Play before work
We all know you should do the work first and play later. I’m going to suggest you do exactly the opposite.
You spend a large portion of time talking to clients about life not being a dress rehearsal. Are you listening to your own advice? The time to do all the things you want to do is now.
Do you have any friends or family that have suffered from a dramatic change in their state of health? These events always come as a shock and remind all of us to make sure we live our lives as fully as possible while we are able. No one is immune from the randomness of serious illness.
A different approach
When you plan your week, try putting all the fun stuff in first:
- Your visits to the gym
- Any days off or holidays
- Time with the kids
- A long lunch with your spouse or partner
- Going surfing or skiing, or anything else that you love
Then you can use whatever’s left for work time.
I know that might sound radical; it’s meant to.
It takes courage to do this. Don’t let fear keep you stuck. Try this for three weeks and see how it makes you feel.
I know it seems counter intuitive. So, why does it work?
Benefit 1: It’s the fun stuff that fills you up. Then you’ve got something to give; to your clients, your business, your team, your family and friends.
Benefit 2: Less time for work forces you to prioritise. If you allow 10 hours per day for work, you’ll fill it. If you allow 3 hours per day for work, you’ll only do the stuff that matters.
Benefit 3: This is a powerful way to improve your delegation skills too. I speak with clients all the time about “only doing what only you can do”. Yet they still struggle to let go of the inconsequential and focus on the high-value stuff.
A radical change of approach works far better when you’re trying to shake up the way you’ve always done things, which is why I recommend the fun-first method. Small incremental changes often mean you just end up reverting to what you’ve always done.
Let’s say you get it wrong and you go just a little bit too far with the play; meaning the work doesn’t get done. What do you do?
You can always scale the fun back a bit to find the right balance. However, doing it the other way around (where you try to scale back your work hours) is much harder.
I recently wrote a blog called 5 Steps To Uncovering Your Big Dreams which was published on 12th January 2016. I’d planned to write it before Christmas as part of my editorial calendar schedule, which we plan up to three months ahead.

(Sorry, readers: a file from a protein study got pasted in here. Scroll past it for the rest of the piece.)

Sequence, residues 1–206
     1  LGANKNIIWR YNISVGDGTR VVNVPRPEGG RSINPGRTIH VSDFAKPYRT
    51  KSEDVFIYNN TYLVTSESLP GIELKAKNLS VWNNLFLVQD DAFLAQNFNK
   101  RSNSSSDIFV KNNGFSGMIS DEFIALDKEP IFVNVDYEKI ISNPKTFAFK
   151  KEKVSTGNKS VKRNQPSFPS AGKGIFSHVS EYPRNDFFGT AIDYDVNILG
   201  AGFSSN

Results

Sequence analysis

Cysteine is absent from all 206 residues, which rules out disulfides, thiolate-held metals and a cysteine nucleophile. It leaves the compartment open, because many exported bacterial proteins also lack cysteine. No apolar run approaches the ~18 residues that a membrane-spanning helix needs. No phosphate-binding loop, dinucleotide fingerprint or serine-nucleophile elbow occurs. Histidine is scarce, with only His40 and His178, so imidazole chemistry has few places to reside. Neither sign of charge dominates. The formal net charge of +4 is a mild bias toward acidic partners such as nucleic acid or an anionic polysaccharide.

However, at the allotted time I was suffering from end-of-year overload. Christmas was upon us and I’d been pretty busy in the lead up. I was tired, running out of time and about to leave for holidays. So I parked it.
As I mentioned in the postscript to that blog, in January I ended up having a coffee with creator of Behaviour Gap Carl Richards in Park City, Utah (where Carl lives and where I was skiing). It was that conversation with Carl, as well as some other material I’d been exposed to over the break, (the work of author and speaker Danielle Laporte) that provided much of the inspiration for the blog.
I realise now that had I written it at the allotted time, I would have had nothing to say, or I would have just ground it out (which is crap for you to read and doesn’t enhance our brand or trustworthiness). The grind-it-out approach would have taken hours and depleted my already flagging reserves of creativity.
As it turned out I felt I published something of much greater value.
I’ve discussed the issue of business owners taking time to fill the creative well in a previous blog (Filling The Well). By putting the fun in first you stand a far greater chance of keeping your well filled to brimming, which is what it takes if you want your work to be fulfilling and your business to remain innovative.
If you’re finding your work life is getting a little repetitive or stale then try putting the fun in your diary first. It’s mind blowing.
“Life moves pretty fast. If you don’t stop and look around for a while, you could miss it.” – Ferris Bueller